WikiLeaks: Saudi Oil May Have Peaked Already

Let our journalists help you make sense of the noise: Subscribe to the Mother Jones Daily newsletter and get a recap of news that matters.

The Guardian reports today on another WikiLeaks cable, this time about oil production in Saudi Arabia. Based on conversations with Sadad al-Husseini, a geologist and former head of exploration at Aramco, the Saudi state oil company, the U.S. consul general thinks the Saudis have been significantly overstating both the size of their reserves and their production capacity:

The cables, released by WikiLeaks, urge Washington to take seriously a warning from a senior Saudi government oil executive that the kingdom’s crude oil reserves may have been overstated by as much as 300bn barrels — nearly 40%….According to the cables, which date between 2007-09, Husseini said Saudi Arabia might reach an output of 12m barrels a day in 10 years but before then — possibly as early as 2012 — global oil production would have hit its highest point. This crunch point is known as “peak oil”.

….The US consul then told Washington: “While al-Husseini fundamentally contradicts the Aramco company line, he is no doomsday theorist. His pedigree, experience and outlook demand that his predictions be thoughtfully considered.”….While fears of premature “peak oil” and Saudi production problems had been expressed before, no US official has come close to saying this in public.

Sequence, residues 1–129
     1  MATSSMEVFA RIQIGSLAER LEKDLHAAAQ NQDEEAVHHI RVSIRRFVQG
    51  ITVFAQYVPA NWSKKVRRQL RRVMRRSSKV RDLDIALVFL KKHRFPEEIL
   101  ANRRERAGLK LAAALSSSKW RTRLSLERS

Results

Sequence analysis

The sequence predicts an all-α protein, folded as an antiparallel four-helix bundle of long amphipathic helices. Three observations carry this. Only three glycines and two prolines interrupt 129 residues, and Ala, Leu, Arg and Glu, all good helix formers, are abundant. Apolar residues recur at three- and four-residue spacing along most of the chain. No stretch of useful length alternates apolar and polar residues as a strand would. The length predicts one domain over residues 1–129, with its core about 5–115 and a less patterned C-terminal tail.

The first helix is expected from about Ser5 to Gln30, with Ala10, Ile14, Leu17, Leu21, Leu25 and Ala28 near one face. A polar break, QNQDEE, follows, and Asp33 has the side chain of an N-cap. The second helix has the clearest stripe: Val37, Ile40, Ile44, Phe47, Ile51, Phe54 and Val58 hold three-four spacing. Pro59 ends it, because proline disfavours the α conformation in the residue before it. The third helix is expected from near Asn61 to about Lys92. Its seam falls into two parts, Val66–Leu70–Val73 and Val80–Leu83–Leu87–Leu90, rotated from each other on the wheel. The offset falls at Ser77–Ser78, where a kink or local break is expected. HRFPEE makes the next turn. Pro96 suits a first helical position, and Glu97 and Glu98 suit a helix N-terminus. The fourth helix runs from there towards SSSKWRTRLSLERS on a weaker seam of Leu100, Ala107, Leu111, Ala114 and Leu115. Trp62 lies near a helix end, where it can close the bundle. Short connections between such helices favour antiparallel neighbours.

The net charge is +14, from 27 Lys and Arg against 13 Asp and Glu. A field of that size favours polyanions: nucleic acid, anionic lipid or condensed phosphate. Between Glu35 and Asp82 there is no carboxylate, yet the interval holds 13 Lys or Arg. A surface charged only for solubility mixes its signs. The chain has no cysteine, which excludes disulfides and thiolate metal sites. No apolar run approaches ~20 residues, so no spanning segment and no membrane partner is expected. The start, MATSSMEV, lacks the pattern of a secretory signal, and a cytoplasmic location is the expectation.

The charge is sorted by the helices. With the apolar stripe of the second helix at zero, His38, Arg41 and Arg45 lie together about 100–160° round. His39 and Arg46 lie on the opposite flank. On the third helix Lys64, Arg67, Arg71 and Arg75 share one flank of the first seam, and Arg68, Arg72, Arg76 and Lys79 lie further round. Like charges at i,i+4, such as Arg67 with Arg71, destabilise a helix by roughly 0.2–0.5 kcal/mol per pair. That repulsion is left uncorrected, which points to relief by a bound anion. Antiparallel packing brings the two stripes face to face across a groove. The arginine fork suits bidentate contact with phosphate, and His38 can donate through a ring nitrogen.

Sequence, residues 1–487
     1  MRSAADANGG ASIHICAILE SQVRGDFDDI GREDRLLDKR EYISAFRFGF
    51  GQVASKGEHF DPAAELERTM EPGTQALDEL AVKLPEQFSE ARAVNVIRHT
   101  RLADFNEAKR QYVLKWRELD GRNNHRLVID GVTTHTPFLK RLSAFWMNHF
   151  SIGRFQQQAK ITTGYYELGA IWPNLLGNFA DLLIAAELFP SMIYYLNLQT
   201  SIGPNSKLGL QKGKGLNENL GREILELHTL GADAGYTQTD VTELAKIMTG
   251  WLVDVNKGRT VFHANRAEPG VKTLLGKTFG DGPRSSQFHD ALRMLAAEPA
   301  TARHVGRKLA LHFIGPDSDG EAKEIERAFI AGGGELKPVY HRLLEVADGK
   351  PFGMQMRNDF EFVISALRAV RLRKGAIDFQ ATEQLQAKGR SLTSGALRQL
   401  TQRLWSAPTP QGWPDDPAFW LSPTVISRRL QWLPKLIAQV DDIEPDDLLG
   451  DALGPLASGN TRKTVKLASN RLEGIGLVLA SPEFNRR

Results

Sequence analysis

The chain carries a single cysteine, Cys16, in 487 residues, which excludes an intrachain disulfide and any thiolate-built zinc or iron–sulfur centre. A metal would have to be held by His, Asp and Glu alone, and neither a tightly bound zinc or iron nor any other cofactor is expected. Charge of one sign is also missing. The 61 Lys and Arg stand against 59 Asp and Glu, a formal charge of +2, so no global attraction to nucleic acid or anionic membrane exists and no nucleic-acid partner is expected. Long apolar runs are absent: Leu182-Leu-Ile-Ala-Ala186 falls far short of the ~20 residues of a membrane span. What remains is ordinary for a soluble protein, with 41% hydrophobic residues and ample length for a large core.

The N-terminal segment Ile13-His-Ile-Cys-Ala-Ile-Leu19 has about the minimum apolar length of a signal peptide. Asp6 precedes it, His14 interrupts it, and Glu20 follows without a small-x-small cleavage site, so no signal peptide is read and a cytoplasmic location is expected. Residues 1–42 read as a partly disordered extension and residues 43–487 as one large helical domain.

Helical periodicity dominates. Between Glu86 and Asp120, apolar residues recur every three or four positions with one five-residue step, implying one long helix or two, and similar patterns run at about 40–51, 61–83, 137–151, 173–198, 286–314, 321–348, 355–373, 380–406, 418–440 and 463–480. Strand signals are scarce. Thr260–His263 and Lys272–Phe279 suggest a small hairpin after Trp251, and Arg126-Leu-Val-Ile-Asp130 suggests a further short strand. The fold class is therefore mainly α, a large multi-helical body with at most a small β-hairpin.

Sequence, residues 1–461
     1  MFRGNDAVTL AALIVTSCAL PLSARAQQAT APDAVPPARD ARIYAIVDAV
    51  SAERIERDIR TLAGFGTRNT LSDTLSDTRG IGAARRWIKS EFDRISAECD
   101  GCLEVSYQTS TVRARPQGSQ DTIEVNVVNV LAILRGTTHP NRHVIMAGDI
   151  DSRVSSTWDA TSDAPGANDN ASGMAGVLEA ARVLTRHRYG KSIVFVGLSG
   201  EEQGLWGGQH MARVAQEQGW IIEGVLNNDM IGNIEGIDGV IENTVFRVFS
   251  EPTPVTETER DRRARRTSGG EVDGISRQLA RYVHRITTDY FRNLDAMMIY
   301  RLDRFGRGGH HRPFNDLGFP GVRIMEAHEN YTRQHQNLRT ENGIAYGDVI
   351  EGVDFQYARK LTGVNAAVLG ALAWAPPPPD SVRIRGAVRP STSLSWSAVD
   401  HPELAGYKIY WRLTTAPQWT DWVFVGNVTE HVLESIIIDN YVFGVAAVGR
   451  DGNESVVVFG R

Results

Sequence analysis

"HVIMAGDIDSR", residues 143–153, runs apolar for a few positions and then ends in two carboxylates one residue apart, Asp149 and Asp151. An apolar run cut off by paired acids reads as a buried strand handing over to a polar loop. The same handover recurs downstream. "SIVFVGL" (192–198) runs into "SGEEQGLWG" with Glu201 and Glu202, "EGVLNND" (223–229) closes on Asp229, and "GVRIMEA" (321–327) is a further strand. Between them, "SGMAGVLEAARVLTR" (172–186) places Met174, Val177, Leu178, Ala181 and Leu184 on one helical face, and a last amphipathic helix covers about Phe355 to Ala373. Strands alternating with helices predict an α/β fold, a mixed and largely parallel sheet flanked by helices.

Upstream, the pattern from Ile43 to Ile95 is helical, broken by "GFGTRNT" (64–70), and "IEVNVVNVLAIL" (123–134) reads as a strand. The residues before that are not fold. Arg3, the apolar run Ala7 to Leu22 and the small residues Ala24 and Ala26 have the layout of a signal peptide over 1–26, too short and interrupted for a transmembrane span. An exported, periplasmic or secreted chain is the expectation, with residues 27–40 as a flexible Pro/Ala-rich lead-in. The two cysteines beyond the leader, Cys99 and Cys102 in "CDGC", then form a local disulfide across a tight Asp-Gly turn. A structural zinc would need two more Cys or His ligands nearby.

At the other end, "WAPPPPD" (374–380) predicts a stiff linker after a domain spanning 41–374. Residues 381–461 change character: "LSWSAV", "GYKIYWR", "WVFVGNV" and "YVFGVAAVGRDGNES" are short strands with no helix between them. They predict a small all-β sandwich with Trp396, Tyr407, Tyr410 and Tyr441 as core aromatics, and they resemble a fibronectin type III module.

This won’t come as a surprise to anyone who’s been following the oil industry over the past few years. Matthew Simmons’ Twilight in the Desert, which I reviewed six years ago, made a detailed case that Saudi Arabia’s production capacity had pretty much maxed out already, and Business Week published an article three years ago based on internal Saudi documents that said much the same: the Saudis could pump 12 million barrels a day in short spurts but only 10 million barrels on a steady basis — and that’s all there is. Production capacity just isn’t going up.

There’s always Iraq, of course, which certainly has more production capacity if it can develop it, but Saudi Arabia increasingly looks like it’s peaked already. And if that’s true, it probably means that the global peak in production, which was delayed a few years by the 2008 recession, is most likely not too far away. Our future is going to be increasingly oil free whether we like it or not.

DOES IT FEEL LIKE POLITICS IS AT A BREAKING POINT?

Headshot of Editor in Chief of Mother Jones, Clara Jeffery

It sure feels that way to me, and here at Mother Jones, we’ve been thinking a lot about what journalism needs to do differently, and how we can have the biggest impact.

We kept coming back to one word: corruption. Democracy and the rule of law being undermined by those with wealth and power for their own gain. So we're launching an ambitious Mother Jones Corruption Project to do deep, time-intensive reporting on systemic corruption, and asking the MoJo community to help crowdfund it.

We aim to hire, build a team, and give them the time and space needed to understand how we got here and how we might get out. We want to dig into the forces and decisions that have allowed massive conflicts of interest, influence peddling, and win-at-all-costs politics to flourish.

It's unlike anything we've done, and we have seed funding to get started, but we're looking to raise $500,000 from readers by July when we'll be making key budgeting decisions—and the more resources we have by then, the deeper we can dig. If our plan sounds good to you, please help kickstart it with a tax-deductible donation today.

Thanks for reading—whether or not you can pitch in today, or ever, I'm glad you're with us.

Signed by Clara Jeffery

Clara Jeffery, Editor-in-Chief

payment methods

We Recommend

Latest